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Ubuntu's Maverick Mobile Move

By Katherine Noyes
Nov 7, 2011 5:00 AM PT

If there was ever any doubt as to Canonical's true intentions with its touch-enabled Unity interface, those doubts were laid to rest last week.

Ubuntu's Maverick Mobile Move

Unity has often been described as a "mobile-inspired" interface, and voila! Canonical has finally admitted that it plans to bring Ubuntu onto mobile devices. At last, it all makes sense!

While few have questioned the reasons behind Canonical's move in this so-called "post-PC" era, the timing is another matter. Plans call for Ubuntu to arrive on mobile shores no sooner than 2014, causing more than a few furrowed brows last week in the Linux blogosphere.

Coming of the 'U-Phone'

"Can Ubuntu Linux win on smartphones and tablets?" read one headline shortly after the news broke, for example.

"Can Ubuntu Compete on Smartphones, Tablets?" wondered another.

"Is Ubuntu Linux Too Late to the Mobile Game?" worried yet another.

It wasn't long before Slashdot bloggers got involved, and while many in the blogosphere expressed concern over Ubuntu's late arrival, yearnings for the promised "U-Phone" could also be heard.

Down at the blogosphere's Punchy Penguin Cafe, Linux Girl knew it was time to learn more.

'Plenty of Room for Ubuntu'

"It's never too late to go mobile," opined blogger Robert Pogson.

"After M$ and Nokia crash and burn, there will be plenty of room for Ubuntu," he added. "The mobile space is very diverse, with many manufacturers participating and several OS in play. Ubuntu should consider being mobile ahead of M$ but being late is better than never."

A Matter of User Input

Similarly, "I don't think it is at all too late," Chris Travers, a Slashdot blogger who works on the LedgerSMB project, told Linux Girl. "Android entered not too long ago, Microsoft is still trying (largely unsuccessfully) to gain a foothold, and so forth."

The bigger question, Travers added, "is whether Ubuntu or any other current Linux distro is up to the job."

The problem is a question of user input, Travers suggested.

'No Amount of Software Can Solve It'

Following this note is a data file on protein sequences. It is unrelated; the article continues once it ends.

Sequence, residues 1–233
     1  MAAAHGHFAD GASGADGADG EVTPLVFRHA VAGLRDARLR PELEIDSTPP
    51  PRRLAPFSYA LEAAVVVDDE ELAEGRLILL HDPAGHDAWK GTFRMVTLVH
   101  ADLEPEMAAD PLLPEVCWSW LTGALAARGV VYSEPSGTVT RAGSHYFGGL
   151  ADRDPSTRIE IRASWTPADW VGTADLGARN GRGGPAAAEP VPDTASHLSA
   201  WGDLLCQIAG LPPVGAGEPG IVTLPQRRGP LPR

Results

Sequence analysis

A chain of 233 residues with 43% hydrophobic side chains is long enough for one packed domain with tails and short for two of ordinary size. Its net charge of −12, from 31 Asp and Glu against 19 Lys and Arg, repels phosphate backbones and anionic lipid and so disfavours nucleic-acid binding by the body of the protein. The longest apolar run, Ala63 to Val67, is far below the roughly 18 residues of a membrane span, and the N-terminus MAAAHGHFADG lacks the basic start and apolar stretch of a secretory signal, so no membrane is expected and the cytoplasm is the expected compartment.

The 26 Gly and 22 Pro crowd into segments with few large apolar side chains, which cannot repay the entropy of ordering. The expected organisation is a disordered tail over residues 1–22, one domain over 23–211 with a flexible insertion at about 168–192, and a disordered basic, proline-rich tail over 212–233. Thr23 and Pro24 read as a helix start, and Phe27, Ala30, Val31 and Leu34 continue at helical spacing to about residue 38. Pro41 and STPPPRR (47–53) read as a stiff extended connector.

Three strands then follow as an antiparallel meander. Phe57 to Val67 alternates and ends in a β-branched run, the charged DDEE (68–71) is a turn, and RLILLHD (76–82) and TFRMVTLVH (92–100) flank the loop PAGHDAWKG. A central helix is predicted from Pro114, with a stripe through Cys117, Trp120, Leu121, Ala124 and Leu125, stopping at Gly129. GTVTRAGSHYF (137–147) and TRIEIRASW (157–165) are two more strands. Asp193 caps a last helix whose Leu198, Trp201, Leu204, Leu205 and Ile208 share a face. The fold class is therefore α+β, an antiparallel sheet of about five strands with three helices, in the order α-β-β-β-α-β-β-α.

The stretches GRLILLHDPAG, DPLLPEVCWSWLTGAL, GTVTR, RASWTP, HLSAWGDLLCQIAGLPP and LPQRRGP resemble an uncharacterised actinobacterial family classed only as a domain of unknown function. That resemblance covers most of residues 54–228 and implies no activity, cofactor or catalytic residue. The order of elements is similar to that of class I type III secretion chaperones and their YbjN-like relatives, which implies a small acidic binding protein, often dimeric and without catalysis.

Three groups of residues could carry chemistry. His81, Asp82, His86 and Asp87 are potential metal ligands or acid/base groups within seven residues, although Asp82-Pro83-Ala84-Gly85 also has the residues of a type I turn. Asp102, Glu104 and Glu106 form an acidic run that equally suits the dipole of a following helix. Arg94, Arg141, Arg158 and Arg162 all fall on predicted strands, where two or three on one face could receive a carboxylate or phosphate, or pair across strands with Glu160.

Both Unity and GNOME 3 "show a remarkable tendency to overlook the fact that mobile devices require different user interfaces than laptops or desktops," he explained. "I remain less than convinced it is even theoretically possible to build an excellent user interface that works with keyboard and mouse on one hand and with multitouch-based touchscreens on the other."

Interfaces can "and should be optimized for one environment or the other, not made to function only adequately across both," Travers added. "This is one of the things Apple and Android do very well in this space, and one reason Android will probably never be a hit on laptops."

This tradeoff, in fact, "is fundamental, and no amount of software and UI engineering can solve it," he concluded.

'The Microsoft Mistake'

Consultant and Slashdot blogger Gerhard Mack saw it similarly.

"I think they stand a chance on tablets even though they don't stand much of any chance on the phone, but they are making the Microsoft mistake of assuming everyone wants the same interface everywhere," Mack told Linux Girl.

"My phone and tablet are both used close to my body, so using the touch screen is easy," Mack explained.

The PC, on the other hand, "would be much more annoying if I equipped it with touch screens, and fixing that would make it harder to get day-to-day work done," he added.

'Amazon Is Going to Grab the Low End'

Similarly, "color me unimpressed," said Barbara Hudson, a blogger on Slashdot who goes by "Tom" on the site. "I'm filing this announcement with the one two and a half years ago about having Android apps running on Ubuntu."